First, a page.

From: Hans Lennros
Question regarding Competition & Intellectual Property
Dear Sir, Madam,
This question of how to balance intellectual property and competition policy in a particular case. I know the issue has caused discussion over the decades.
Intellectual property protection may be counterproductive to U.S. consumers and somtimes impede consumer welfare.
Undoubtedly intellectual property law play an important role in fostering innovation. But the law also raises the question of where to define the line between when intellectual property protection laws should be allowed to hamper competition.
The concrete case is this: a dentist in the US has "invented" a dental device that has been proven to work well and there is a great need for this type of product among the general public. Hence, he charges a lot more than its equitable value (pre-work, tests, production and marketing costs considered).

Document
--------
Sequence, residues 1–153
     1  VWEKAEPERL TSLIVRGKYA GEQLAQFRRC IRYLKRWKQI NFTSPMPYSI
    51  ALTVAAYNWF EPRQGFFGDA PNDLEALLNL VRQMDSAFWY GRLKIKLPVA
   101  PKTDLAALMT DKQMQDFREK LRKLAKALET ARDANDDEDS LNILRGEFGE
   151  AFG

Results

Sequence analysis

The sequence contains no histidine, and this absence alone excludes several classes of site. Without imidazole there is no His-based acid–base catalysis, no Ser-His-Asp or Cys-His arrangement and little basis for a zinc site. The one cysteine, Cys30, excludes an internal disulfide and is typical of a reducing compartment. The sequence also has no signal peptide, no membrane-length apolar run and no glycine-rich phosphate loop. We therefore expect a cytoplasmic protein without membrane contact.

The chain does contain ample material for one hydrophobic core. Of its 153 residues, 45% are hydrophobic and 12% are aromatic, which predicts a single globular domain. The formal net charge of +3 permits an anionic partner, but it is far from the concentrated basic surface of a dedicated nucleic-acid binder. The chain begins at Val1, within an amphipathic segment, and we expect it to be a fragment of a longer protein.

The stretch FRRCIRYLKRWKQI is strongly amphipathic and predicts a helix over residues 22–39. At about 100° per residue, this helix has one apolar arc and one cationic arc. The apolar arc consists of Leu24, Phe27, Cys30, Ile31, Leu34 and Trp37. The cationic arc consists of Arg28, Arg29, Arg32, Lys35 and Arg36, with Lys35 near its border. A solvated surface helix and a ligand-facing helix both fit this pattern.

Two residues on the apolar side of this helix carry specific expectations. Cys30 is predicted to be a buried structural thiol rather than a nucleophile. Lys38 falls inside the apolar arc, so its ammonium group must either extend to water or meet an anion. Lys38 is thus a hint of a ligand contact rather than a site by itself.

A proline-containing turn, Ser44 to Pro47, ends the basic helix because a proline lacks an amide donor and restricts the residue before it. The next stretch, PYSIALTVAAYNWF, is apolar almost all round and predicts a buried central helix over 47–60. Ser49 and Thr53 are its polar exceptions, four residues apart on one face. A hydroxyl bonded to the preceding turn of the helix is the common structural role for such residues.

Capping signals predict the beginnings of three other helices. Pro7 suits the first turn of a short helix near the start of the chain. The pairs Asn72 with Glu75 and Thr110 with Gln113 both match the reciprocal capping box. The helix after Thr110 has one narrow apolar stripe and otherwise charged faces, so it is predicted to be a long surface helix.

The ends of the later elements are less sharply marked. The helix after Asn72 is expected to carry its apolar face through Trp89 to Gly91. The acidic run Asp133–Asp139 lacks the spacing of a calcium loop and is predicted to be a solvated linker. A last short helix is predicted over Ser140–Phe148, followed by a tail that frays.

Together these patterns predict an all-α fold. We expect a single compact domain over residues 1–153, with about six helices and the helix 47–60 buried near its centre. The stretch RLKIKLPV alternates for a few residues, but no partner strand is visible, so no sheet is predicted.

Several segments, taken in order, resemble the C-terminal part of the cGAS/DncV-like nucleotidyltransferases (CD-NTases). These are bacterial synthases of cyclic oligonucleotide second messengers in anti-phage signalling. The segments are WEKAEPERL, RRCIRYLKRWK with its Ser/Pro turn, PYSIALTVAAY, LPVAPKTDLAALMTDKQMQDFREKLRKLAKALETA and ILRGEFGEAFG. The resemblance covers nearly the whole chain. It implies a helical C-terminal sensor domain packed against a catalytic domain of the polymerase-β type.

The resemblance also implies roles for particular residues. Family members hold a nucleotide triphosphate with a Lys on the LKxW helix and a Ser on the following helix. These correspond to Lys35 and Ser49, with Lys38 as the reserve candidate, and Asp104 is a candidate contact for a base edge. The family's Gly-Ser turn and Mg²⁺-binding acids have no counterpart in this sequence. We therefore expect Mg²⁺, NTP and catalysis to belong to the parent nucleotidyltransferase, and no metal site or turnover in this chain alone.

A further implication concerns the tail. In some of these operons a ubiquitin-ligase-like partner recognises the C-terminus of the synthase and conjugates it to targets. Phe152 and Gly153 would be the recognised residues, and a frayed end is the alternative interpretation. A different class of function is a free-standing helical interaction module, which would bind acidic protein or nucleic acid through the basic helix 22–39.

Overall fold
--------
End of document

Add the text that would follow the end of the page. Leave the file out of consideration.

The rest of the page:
Any company producing plastic products would manufacture the device for about 40 times less than the dentist selling price.
The dentist has an approved patent covering his product and therefore appears similar products, if manufactured, be unlawful.
To what extent could that type of exclusive commercialization of intellectual property keep patients from getting improved care?